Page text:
Home Technology Varda Space will land its next capsule in Australia as it continues to coordinate first mission reentry

Varda Space will land its next capsule in Australia as it continues to coordinate first mission reentry

Varda Space will land its next capsule in Australia as it continues to coordinate first mission reentry


In-space manufacturing startup Varda Space Industries will be landing its next spacecraft in Australia as it continues working with U.S. regulators to get its first mission approved for reentry in Utah, the company announced Thursday.

The U.S. Air Force and the U.S. Federal Aviation Administration rejected Varda’s application to land its first in-space manufacturing spacecraft in the Utah desert last month. Varda CEO Delian Asparouhov told TechCrunch in a recent interview that the issue is primarily due to the three parties coordinating under a new reentry framework called Part 450.

“It had nothing to do with the safety of our vehicle, our design, our analyses, but ultimately coordination between the three parties,” he said. He added that the company met in-person with UTTR last week to begin the process of coordinating a new set of target dates for bring the spacecraft home.

“We feel confident that we technically match all the regulatory requirements for Part 450 and it’s a question of just coordination on the particular objective window for reentry.”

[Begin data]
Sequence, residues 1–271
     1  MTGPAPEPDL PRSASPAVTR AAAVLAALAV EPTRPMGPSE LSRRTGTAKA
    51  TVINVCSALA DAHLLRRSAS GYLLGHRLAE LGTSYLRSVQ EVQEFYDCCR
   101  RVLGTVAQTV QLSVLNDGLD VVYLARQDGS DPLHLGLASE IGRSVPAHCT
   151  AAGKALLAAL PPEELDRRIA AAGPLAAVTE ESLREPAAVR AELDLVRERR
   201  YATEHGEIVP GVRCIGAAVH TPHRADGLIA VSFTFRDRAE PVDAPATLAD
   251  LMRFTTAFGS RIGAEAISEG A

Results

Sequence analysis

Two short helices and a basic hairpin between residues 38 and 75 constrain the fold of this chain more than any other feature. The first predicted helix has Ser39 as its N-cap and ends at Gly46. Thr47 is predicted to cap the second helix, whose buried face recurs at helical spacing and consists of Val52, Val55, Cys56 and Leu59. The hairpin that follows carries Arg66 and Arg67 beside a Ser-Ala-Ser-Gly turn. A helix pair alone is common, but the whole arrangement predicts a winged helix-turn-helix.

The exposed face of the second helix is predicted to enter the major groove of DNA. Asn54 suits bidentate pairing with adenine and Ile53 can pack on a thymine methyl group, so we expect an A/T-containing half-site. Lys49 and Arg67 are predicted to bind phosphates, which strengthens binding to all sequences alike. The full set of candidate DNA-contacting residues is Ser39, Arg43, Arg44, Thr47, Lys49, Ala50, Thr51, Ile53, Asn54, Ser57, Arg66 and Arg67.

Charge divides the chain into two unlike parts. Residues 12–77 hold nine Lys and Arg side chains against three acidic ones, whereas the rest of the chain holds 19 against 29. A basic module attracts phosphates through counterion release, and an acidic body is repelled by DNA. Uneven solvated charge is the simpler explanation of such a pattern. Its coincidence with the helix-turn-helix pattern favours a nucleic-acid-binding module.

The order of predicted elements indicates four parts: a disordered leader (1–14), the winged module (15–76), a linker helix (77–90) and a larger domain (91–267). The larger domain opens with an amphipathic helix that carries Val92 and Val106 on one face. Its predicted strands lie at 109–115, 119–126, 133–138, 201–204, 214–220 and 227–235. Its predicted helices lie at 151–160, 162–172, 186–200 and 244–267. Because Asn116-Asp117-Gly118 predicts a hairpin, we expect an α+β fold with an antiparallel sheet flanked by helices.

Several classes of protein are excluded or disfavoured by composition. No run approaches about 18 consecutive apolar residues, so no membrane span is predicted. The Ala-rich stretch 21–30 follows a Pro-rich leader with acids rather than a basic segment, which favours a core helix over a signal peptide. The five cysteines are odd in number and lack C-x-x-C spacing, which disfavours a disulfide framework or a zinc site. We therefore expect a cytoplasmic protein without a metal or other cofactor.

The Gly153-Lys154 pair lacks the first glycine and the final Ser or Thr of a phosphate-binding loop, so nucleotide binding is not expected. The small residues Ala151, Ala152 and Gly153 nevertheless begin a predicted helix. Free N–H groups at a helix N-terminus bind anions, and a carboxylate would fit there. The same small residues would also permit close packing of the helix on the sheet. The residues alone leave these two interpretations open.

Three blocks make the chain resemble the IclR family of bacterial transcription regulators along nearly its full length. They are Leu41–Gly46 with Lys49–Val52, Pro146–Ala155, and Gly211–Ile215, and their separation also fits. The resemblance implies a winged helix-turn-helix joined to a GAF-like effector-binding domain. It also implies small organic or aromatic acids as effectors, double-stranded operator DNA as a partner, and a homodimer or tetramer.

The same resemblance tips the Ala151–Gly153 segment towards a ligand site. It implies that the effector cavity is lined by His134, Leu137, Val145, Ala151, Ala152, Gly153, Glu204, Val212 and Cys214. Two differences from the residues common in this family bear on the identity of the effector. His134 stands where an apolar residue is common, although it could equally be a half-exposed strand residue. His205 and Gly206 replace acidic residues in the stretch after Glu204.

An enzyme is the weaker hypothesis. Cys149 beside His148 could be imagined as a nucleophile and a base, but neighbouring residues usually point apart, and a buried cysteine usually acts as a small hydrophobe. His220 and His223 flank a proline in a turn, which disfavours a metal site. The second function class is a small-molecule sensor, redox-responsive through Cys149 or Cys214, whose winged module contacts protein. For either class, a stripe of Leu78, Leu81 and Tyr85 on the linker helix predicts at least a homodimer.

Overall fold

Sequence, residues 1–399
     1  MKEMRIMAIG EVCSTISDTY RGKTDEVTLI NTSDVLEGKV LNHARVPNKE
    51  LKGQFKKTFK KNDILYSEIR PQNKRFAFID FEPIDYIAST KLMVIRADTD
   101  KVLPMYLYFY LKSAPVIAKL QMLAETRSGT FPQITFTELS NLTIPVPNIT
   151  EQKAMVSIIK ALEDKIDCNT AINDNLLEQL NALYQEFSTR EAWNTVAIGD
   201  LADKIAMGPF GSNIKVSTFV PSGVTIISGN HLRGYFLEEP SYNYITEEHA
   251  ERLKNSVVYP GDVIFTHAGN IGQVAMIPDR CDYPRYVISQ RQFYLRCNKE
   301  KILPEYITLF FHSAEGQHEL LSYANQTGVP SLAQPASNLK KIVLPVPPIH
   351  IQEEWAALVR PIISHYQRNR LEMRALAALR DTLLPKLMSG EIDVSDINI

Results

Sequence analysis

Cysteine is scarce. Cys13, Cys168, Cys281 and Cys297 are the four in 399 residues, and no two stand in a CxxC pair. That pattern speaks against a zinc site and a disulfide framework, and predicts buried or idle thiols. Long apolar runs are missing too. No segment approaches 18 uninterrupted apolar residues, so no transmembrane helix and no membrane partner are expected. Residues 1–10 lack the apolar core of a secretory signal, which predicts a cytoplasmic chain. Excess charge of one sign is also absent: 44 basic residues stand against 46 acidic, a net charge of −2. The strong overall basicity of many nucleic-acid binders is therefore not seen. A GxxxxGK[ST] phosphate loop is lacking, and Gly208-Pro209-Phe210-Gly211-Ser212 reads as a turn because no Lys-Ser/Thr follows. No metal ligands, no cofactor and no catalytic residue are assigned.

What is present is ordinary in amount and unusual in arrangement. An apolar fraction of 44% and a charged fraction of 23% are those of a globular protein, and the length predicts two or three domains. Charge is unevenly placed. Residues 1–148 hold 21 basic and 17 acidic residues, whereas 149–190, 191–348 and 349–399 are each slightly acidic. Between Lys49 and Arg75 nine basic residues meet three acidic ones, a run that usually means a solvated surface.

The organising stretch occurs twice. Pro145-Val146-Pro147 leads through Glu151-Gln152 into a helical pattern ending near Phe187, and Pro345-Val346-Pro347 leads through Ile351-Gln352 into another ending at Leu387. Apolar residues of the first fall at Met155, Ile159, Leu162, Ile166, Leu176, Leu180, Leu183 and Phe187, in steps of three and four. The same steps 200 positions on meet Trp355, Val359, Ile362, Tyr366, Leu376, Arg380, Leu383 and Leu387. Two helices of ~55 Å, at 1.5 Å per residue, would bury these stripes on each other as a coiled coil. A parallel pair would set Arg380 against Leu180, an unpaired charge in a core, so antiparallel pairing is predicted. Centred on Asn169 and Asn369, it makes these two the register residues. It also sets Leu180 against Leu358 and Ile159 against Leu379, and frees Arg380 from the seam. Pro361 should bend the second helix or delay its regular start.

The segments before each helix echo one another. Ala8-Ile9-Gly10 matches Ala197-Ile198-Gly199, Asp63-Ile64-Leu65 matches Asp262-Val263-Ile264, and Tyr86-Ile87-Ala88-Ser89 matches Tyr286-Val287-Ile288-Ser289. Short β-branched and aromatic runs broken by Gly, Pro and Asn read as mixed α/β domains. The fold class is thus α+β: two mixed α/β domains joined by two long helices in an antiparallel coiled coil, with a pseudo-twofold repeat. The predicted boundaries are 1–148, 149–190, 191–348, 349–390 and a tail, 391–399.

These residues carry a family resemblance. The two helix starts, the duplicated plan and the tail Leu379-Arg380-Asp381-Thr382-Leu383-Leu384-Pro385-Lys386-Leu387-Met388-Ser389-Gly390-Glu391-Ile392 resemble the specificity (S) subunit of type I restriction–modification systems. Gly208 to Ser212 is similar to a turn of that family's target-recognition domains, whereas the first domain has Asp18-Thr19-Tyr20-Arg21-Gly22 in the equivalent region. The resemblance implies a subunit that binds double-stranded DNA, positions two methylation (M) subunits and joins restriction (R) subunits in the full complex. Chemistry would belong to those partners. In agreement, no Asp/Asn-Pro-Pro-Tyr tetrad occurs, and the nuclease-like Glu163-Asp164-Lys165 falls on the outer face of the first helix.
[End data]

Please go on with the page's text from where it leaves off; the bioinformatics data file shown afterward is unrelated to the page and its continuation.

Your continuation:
As the company continues working with American regulators, it formed a new agreement with Australian company Southern Launch that would see Varda’s next capsule landing at the Koonibba Test Range in 2024.

Asparouhov clarified that the company is not moving to Australia for its next mission due to regulatory compliance issues here in the United States – indeed, the company will still need an FAA reentry license, even if the capsule is not reentering on American soil – but “different ranges have different availabilities and resources and have different capabilities.”

Understanding range availability is especially important for something like spacecraft reentry. While a rocket launch can be delayed by a day or week with little problem or the vehicle, once the satellite bus executes its reentry burn, its coming back, whether regulators approve or not.

Eventually, Asparouhov said he anticipates Varda having at a minimum of 3-4 ranges online and that UTTR explicitly requested early on that the startup begin coordinating with other ranges. Partnering with multiple ranges was always in the company’s pipeline because it eventually aims to hit a reentry cadence of once per month by 2026, Asparouhov said.

Regulatory burden has been top of mind throughout the space industry this week, particularly as three major space companies testified before Congress unanimously requesting more resources be allocated to the FAA to deal with the huge increase of licensing work. Companies also told lawmakers that regulation needed to be more streamlined to ensure American competitiveness on the global stage.

Speaking generally about space regulation, Asparouhov echoed these comments:

“I think you could argue that in 2013, 2014, things were actually relatively streamlined. But over the past nine years, there’s been an exponential growth in activity …] so I don’t think that there necessarily need to be policy changes, its just a question of staffing and responsiveness,” he said. “We definitely get the sense that AST [the FAA’s Office of Commercial Space Transportation] is definitely stretched thin with the amount of activity going on today. When I think about streamlining, I don’t think this is necessarily some sort of change of the bar of safety or regulation or anything like that. It’s just a question of how much staff are available to do the level of in-depth technical analysis that is involved coordinating these types of activities.”



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